336 pages, $25.99
Review by Amanda K. Jaros
To Kill a Mockingbird by Harper Lee, a book that has never gone out of print, is a particularly relevant story right now. This year, the book marks its 55th anniversary and is being celebrated in concurrence with the publication of Lee’s second book, Go Set a Watchman. Despite this much-anticipated release, I find Mockingbird significant today not so much because of Watchman, or the fact that it continues to be a staple of high school English classes, but rather, because every time I turn on the news I see stories of prejudice as our society continues its struggle for racial, sexual orientation and gender equality. Though Mockingbird was first published in 1960, in many ways it could have been written last week.
The story revolves around Scout Finch, an eight-year-old tomboy who spends her summers playing outside with her older brother Jem and their friend, Dill. The three play-act scenes of the townspeople’s quirky habits, they sneak out at night to lurk the neighborhood, and they are obsessed with their reclusive, and unseen, neighbor, Boo Radley. Radley is a phantom of speculation who inspires both fear and fascination in Scout.
It may sound more like a charming middle-grade novel than a Pulitzer Prize-winning work of literary fiction, but it is the situation that unfolds in Scout’s hometown of Maycomb, Alabama that turns Mockingbird into a story that continues to captivate. Scout’s father, Atticus, a well-respected, white lawyer, has taken on the case of a Negro man, Tom Robinson, accused of raping a white woman. Atticus feels morally obliged to accept the case because he thinks Tom should receive a fair trial. He believes, rightly so, that in their mid-1930’s social climate, the verdict is already in even before the all-white jury has been selected.
What makes Mockingbird brilliant, in my opinion, is that while Scout suffers all sorts of taunting from her classmates because of her father’s association with Tom, she herself is perpetrating her own prejudice. She, Jem, and Dill have formed strong opinions about Boo Radley based on the rumors and stories of their neighbors. The kids have no direct contact with Boo and yet they fabricate a character so distinctly different from themselves that his oddity warrants harassment. In the end, when Boo finally shows himself, the truth of who he is, is the last thing Scout could ever have imagined.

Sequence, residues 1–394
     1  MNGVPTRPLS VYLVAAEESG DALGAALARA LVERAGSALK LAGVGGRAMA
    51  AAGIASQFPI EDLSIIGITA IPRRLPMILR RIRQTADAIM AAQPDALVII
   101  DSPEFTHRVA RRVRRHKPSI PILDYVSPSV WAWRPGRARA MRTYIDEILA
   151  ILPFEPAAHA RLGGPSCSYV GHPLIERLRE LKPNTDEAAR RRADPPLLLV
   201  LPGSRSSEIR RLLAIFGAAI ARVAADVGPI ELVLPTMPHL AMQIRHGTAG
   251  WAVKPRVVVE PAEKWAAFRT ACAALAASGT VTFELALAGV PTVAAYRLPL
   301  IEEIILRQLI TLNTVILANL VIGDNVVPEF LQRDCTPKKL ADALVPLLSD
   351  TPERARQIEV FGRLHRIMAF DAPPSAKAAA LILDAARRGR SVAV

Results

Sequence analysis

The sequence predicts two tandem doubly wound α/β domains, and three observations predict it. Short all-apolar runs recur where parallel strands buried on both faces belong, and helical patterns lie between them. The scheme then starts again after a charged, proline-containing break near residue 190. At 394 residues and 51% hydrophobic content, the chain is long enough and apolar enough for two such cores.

This sense of “other,” of holding a person or a group of people separate from ourselves because of invented ideas rather than reality, is hardly something that only happened in 1930 or 1960; it continues to happen today. Regardless of in what decade we read this story, seeing the world through Scout’s eyes is a powerful reminder that things aren’t always as they seem.
Go Set a Watchman, released in July, continues the themes of Mockingbird. It takes place when Scout is 26, has moved away from Maycomb, and both her family and current political climate have changed. It too deals with the topic of racism, but I found it to be a significantly lesser work. But don’t judge these books based on my opinion. Go read them for yourself, then come to your own conclusions. For that is the ultimate message of Lee’s work: society, the courts, the kids on the playground don’t have all the answers. It is up to us as individuals to dig deeper and find out the truth for ourselves.
Amanda K. Jaros is a freelance writer living in Ithaca, NY and is currently pursuing her MFA in creative writing at Chatham University. She is the Blog Editor at Literary Mama, and her writing has appeared in Pilgrimage, Literary Mama, Natural Life, and a variety of local magazines and newspapers.